Steve Inkseep and David Greene talk to NPR's Tom Gjelten about the latest in the investigation of the Boston Marathon bombings. Dr. David Schoenfeld of Beth Israel Deaconess Medical Center in Boston talks about one of the bombing suspects being taken to that facility. That suspect died, the other is on the run.
And let's turn now, briefly, to West, Texas, the scene of this week's fertilizer plant explosion. Many questions remain unanswered there. In fact, it's still hard to estimate how many people were killed. We do know that regulators had a few concerns with this plant in the past, though it's not clear if anybody questioned the plant's location near homes and a school.
And amid all these questions, the people of West are picking up and taking stock. Here's NPR's Wade Goodwyn.
On a Friday morning it's MORNING EDITION from NPR News. I'm David Greene.
STEVE INSKEEP, HOST:
And I'm Steve Inskeep. And, David, I guess we cannot say enough this morning that everything we're telling you about unfolding events in Boston is provisional. Anything could change. The information we're getting is changing all the time.
We're keeping track of all the different stories in an amazing week of news, including the manhunt in Boston overnight. We'll have an update on that shortly again. And also this. The man charged with mailing letters containing poison to the president and a U.S. senator, along with a judge, appeared yesterday in court in Mississippi in shackles and wearing a Johnny Cash t-shirt. His lawyer said Kevin Curtis denies he put ricin in those letters. NPR's Joseph Shapiro reports on new details in the case.
On an astonishing Friday at the end of an astonishing week it's MORNING EDITION from NPR News. I'm Steve Inskeep.
DAVID GREENE, HOST:
And I'm David Greene. We are following events as they unfold this morning in Boston. In just one of several violent events overnight, law enforcement authorities confronted two men they believe to be responsible for the bombings of the Boston Marathon. It was a violent encounter.
We are following the dramatic events out of Boston this morning. Police are on the hunt for a person they believe was involved in the Boston Marathon bombing. And let's turn now to NPR's Jeff Brady, who is joining us from Watertown, Massachusetts. And, Jeff, remind us, that's a suburb right outside Boston where this police chase, overnight, ended and where residents are still staying inside because we don't know when or if this will be over.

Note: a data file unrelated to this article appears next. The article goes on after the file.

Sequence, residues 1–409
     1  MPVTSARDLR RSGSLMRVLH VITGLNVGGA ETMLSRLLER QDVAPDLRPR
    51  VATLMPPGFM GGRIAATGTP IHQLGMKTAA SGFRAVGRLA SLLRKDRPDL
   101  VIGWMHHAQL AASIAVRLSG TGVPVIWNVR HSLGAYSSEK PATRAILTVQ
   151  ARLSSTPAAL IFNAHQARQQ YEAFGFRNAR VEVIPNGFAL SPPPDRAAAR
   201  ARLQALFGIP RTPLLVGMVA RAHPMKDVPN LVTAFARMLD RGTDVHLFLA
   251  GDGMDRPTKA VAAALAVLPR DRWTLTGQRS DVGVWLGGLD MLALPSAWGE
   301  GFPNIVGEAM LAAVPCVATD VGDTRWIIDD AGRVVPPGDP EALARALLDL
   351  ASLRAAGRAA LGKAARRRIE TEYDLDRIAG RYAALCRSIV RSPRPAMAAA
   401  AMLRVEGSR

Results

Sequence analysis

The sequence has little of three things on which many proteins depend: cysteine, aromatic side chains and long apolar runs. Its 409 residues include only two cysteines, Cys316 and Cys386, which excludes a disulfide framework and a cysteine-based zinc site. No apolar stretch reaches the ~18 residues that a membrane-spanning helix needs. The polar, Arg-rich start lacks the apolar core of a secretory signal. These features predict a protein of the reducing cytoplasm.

Parts of the Boston metropolitan area were full of police activity Thursday night amid a hunt for persons wanted in connection with the bombings at the Boston Marathon. David Greene and Steve Inskeep talk to NPR's Dina Temple-Raston and Fred Bever of member station WBUR, who are in Boston, for an update on what's known regarding the investigation.
Now, all of this began when the FBI released photos and videos yesterday of the two suspects in the marathon attack. Federal officials reportedly sifted through terabytes of data - an unbelievable amount of data - much of it images and videos recorded near the finish line. Now, if you were to sit down and watch it all, it would take one person years to do. However, as NPR's Steve Henn reports, in past decades, technology has transformed how these large-scale investigations play out.
Okay, we are continuing to follow the events in Boston this morning. Police there say one of the suspected Boston Marathon bombers has been killed and the other is on the run in the Boston suburb of Watertown. For the moment, let's turn to another major story here in Washington. A bipartisan bill revamping the nation's immigration laws goes to the Senate judiciary committee today.
It was formerly rolled out yesterday by the group of Senators known as the Gang of Eight and critics have weighed in. Here's NPR's David Welna.
Let's go back now to the town of West, Texas. It was the scene of dramatic news on Wednesday and Thursday, as a fertilizer plant there caught fire and then exploded, leveling dozens of nearby homes and buildings in this small city just north of Waco. Authorities are still not sure how many people died. An investigation is continuing into the cause of the blast which injured at least 160 people.
Kate McGee, of member station KUT, reports that for many, the tragedy has only reinforced a sense of community.
An international dream team of flu experts assembled in China today.
Underscoring the urgency that public health agencies feel about the emergence of a new kind of bird flu, the team is headed by Dr. Keiji Fukuda, the World Health Organization's top influenza scientist.
Before he left Geneva, Fukuda explained the wide-open nature of the investigation in an interview with NPR.